HaeIII digestion of PRL exon 1 resulted in only AA genotype for Anatolian water buffalo breed. Similarly, only AA genotype was obtained from Pandharpuri water buffalo breed using the same RE (Madnalwar et al., 2010). In addition, PRL exon 1 was digested with RsaI RE in this study and resulted only BB genotype.

PRL exon 3 digestion with RsaI resulted only in AA genotype and only the A allele for Anatolian water buffalo breed. Similarly, only AA genotype was obtained from the Iranian (Tabar et al., 2010), the Murrah (Biradar et al., 2014), and the Anatolian (Kaplan and Boztepe, 2000) breeds. However, it has been reported that AB and BB genotypes, in addition to AA genotype, were found in Anatolian water buffalo breed (Konca and Akyüz, 2017). In previous studies, in which PRL exon 3 polymorphisms in Anatolian water buffalo breed were investigated, 45 animals were used by Kaplan and Boztepe (2000) and 126 animals were used by Konca and Akyüz (2017). Significantly more animals were used in the present study. Polymorphism studies carried out in other countries by using RsaI RE in both cattle and water buffalo breeds reported that the highest genotype received was AA, with a ratio of 55-93%, and the highest allelic frequency was A with a ratio of 79-82% (Mitra et al., 1995; Kaplan and Boztepe, 2000; Alipanah et al., 2007; Kumari et al., 2008). Nonetheless, there is another study in which AA genotype was not reported (Ladani et al., 2003a).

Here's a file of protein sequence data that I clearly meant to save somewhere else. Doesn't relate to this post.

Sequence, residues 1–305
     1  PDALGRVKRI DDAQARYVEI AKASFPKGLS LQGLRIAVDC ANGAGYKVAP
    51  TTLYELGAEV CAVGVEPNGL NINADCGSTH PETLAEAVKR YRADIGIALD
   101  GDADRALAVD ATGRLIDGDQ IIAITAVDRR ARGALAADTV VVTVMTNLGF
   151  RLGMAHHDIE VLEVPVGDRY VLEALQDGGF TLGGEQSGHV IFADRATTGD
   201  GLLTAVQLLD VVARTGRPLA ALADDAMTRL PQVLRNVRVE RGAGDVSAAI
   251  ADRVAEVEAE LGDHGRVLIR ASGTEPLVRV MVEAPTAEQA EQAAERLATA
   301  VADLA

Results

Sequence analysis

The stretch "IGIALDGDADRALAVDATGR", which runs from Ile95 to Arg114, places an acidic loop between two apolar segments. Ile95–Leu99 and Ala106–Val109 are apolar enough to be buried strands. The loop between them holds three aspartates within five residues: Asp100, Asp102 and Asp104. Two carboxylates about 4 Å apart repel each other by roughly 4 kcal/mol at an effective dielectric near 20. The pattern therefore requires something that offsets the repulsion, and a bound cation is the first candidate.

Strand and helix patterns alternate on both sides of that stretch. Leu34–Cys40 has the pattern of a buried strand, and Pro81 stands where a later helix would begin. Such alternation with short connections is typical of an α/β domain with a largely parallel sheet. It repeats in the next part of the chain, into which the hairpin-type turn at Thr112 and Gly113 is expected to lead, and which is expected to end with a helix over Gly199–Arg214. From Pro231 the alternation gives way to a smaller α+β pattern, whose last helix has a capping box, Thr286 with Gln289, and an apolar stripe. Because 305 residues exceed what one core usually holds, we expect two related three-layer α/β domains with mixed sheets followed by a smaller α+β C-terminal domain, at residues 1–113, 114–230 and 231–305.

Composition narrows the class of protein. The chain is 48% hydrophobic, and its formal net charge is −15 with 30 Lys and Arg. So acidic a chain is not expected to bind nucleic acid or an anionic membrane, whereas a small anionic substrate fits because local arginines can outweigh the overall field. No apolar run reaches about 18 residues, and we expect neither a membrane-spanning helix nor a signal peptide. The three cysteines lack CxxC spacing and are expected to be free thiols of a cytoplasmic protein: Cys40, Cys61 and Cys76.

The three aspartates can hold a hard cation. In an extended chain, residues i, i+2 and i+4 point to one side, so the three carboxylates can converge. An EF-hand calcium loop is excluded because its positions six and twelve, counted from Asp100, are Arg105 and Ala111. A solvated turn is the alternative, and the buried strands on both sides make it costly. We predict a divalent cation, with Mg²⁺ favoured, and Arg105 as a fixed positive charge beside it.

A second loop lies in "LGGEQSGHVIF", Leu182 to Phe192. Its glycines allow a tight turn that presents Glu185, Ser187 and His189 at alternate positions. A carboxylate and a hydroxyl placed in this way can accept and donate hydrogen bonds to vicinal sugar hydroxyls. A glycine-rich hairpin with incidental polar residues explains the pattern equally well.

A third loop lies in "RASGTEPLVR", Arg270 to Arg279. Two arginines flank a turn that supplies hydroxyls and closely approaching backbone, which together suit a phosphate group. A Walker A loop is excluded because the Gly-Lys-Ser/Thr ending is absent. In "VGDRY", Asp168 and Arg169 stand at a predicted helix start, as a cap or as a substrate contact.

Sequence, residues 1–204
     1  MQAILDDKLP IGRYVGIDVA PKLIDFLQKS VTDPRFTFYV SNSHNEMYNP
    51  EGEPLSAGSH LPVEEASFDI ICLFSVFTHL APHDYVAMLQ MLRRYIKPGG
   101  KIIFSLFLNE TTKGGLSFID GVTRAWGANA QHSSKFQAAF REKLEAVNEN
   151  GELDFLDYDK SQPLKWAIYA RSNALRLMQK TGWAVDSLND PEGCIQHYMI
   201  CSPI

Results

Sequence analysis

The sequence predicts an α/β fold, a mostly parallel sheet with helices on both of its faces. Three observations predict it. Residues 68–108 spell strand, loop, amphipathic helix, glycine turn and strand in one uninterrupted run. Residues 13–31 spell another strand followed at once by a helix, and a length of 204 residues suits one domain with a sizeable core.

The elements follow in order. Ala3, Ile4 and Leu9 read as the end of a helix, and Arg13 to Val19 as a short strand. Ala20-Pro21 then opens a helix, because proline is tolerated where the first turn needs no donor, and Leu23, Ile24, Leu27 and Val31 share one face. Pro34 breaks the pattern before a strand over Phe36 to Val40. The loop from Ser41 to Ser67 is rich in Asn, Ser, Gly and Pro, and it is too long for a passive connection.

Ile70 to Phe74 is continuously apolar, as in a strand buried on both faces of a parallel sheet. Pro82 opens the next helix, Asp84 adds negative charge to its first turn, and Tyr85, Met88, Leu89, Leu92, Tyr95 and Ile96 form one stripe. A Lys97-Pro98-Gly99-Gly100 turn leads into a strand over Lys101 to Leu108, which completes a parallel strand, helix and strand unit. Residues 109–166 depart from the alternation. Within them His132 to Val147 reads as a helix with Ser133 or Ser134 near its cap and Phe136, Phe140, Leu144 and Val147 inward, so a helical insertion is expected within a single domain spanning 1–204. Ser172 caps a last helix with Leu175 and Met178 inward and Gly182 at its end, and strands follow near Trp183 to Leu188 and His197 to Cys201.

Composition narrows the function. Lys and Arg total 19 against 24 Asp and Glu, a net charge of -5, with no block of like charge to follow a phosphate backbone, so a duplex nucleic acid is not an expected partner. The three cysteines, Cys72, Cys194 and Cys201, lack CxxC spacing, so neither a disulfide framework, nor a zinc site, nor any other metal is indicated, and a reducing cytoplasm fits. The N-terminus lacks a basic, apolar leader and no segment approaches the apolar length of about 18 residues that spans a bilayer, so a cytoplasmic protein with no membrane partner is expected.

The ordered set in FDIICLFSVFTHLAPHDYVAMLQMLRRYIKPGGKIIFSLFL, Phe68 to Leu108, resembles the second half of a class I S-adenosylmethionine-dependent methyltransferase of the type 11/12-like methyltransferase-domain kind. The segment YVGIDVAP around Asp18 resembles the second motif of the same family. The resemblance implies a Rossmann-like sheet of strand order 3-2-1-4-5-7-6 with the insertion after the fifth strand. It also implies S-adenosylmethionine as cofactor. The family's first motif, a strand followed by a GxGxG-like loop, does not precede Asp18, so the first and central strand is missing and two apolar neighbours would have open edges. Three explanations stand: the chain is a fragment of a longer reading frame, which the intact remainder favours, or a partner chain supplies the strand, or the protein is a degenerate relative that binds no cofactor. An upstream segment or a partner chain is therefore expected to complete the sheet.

It has been reported that Anatolian water buffalo breed is similar in appearance to Mesopotamian breeds (FAO, 2005). Accordingly, it has been previously reported that monomorphic AA genotype was found as the breed characteristic for the Murrah water buffalo breed (Biradar et al., 2014). The AA genotype was mostly obtained from water buffalo breeds in Mesopotamia and in the present study, monomorphic AA genotype was obtained from Anatolian water buffalo breed.

Conclusions

Anatolian water buffalo breed has a dairy performance with high milk and milk fat yields since BB genotype was obtained in the present study.

Acknowledgments

This research was supported by the Scientific Research Project Fund of Cumhuriyet University under project number V-019. The study was presented as an oral presentation at The International Conference on Agriculture, Forest, Food Sciences and Technologies (ICAFOF 2017), 15–17 May 2017, Cappadocia, Turkey.

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Received: July 5, 2017; Accepted: October 27, 2017

*Corresponding author: yusufozsensoy@yahoo.com